I want to collect a list of Goldbach's other conjectures. I konw only two conjectures: The first one is the famous statement on writting an even number as the sum of two primes and the other one is about expressing an even number by $3$ primes.
I don't know which conjecture is that about expressing an even number by $3$ primes, but Goldbach also conjectured, in a letter to Euler written in 1752, that every odd number can be written as $2n^2+p$, with $p$ prime. Euler checked it for every number up to $2\,500$. It turns out that the conjecture is false: in 1856, Moritz A. Stern, a professor of mathematics at Göttingen, found two numbers which could not be written as twice a square plus a prime, namely $5\,777$ and $5\,993$. These seem to be the only known counter-examples to this conjecture.
Actually, there is another "Goldbach conjecture" which Goldbach was able to prove himself: in $1752$, Goldbach showed that no polynomial with integer coefficients can give a prime for all integer values (Nagell 1951, p. 65; Hardy and Wright 1979, pp. 18 and 22).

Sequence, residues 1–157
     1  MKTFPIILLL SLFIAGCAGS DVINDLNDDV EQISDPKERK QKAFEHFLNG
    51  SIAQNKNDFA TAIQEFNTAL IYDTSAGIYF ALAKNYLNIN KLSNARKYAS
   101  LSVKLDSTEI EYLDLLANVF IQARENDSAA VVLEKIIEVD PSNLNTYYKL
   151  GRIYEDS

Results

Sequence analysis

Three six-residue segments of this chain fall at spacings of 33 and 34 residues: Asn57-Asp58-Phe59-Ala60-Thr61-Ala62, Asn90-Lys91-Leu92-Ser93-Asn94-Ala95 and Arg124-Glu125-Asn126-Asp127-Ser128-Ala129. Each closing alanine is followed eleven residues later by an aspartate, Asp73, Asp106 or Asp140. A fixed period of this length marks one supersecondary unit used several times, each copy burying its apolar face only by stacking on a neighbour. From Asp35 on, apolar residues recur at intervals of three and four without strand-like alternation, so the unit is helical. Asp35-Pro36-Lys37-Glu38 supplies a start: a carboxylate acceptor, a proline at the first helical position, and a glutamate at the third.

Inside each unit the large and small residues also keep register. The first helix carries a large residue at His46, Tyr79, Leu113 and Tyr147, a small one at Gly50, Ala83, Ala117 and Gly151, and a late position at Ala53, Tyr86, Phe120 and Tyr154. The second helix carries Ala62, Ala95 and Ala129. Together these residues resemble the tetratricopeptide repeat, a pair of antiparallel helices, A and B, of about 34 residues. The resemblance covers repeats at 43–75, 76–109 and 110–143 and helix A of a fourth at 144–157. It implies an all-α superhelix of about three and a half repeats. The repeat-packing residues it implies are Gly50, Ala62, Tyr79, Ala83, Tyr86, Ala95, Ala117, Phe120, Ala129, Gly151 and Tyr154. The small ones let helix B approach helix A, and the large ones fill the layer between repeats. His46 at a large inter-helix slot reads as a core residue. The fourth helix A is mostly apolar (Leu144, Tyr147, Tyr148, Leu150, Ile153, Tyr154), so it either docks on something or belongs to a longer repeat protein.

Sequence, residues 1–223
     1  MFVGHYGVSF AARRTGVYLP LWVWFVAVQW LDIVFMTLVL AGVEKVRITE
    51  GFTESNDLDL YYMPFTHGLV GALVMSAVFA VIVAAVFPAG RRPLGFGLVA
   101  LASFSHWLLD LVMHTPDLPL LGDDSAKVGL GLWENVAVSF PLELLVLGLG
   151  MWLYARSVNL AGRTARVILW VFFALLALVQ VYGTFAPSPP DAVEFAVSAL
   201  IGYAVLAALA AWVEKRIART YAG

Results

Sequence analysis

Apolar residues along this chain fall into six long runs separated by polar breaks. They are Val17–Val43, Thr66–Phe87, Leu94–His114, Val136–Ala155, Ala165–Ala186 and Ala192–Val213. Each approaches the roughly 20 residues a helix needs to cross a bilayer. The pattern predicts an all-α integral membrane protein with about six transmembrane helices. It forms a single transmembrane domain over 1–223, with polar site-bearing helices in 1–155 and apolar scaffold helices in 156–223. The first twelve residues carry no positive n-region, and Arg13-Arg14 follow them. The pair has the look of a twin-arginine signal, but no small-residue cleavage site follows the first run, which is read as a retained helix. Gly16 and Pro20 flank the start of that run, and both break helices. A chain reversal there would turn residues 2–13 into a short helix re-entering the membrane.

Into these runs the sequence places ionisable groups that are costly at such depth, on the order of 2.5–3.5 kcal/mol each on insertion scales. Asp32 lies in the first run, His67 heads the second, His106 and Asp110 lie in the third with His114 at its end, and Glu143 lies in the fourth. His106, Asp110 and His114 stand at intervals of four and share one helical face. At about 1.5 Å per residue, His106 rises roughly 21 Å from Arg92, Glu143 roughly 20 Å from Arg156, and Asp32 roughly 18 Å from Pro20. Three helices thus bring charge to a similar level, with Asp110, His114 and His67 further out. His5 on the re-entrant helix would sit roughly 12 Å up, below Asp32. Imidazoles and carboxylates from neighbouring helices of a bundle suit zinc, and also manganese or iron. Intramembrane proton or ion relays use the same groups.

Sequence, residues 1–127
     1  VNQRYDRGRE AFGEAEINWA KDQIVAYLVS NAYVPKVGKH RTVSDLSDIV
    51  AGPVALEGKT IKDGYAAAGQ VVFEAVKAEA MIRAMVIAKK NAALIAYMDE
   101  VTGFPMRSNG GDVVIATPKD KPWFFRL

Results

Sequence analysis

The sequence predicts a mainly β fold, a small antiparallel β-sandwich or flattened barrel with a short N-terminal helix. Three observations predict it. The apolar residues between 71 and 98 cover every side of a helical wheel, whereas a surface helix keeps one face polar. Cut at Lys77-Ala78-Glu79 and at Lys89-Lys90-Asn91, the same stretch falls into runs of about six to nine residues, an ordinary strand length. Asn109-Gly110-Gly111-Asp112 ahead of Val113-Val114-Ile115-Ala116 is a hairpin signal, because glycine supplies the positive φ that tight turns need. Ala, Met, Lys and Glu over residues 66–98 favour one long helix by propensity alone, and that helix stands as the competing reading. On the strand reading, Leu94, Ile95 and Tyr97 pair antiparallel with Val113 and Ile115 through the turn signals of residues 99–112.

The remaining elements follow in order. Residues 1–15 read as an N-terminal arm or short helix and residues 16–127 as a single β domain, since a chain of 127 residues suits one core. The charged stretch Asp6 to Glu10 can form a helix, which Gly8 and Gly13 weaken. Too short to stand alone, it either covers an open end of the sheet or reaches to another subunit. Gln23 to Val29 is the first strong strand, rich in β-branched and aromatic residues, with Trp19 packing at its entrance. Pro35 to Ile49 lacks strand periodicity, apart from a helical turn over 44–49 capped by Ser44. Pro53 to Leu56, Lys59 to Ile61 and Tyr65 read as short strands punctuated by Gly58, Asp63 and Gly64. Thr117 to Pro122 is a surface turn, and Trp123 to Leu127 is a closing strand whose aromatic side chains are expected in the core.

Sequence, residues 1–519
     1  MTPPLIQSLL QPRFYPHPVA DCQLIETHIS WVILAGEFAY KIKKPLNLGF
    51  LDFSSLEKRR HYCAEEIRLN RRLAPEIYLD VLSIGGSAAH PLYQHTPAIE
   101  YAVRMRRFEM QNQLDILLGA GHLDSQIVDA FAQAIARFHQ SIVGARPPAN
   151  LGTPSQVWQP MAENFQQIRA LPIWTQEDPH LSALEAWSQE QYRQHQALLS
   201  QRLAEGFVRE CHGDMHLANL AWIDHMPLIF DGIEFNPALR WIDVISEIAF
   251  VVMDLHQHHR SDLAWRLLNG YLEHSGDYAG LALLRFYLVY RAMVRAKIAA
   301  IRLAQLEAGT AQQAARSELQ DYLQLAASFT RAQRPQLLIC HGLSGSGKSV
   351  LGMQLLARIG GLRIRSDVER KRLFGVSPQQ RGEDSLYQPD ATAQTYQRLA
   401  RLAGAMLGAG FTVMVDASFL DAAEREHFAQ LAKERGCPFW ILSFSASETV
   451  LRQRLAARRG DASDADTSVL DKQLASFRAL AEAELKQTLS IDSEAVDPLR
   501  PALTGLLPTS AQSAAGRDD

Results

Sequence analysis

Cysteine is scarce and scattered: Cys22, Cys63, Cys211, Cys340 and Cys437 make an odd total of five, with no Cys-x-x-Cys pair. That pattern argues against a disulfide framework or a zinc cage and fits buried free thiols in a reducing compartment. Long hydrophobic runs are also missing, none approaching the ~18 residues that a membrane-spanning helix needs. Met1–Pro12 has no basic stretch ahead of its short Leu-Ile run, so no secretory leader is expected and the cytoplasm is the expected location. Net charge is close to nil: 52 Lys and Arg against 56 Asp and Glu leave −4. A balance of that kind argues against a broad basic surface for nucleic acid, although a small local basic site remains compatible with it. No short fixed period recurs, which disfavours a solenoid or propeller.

I am turning @GerryMyerson's comment into an answer because it is useful and relevant to the question.
You can find all of Goldbach's correspondence with Euler at http://eulerarchive.maa.org//correspondence/correspondents/Goldbach.html (but it's all in Latin).
From the Publication Information on the website:
167 letters from the Euler-Goldbach Correspondence were published by P.H. Fuss in his Correspondance mathématique et physique de quelques célèbres géomètres du XVIIIème siècle . The letters below all came from Fuss' book. Unfortunately, Fuss often excised the personal part of the correspondence, and published only the scientific material. A complete set of the correspondence will have to wait until the publication of the appropriate volume of the Opera Omnia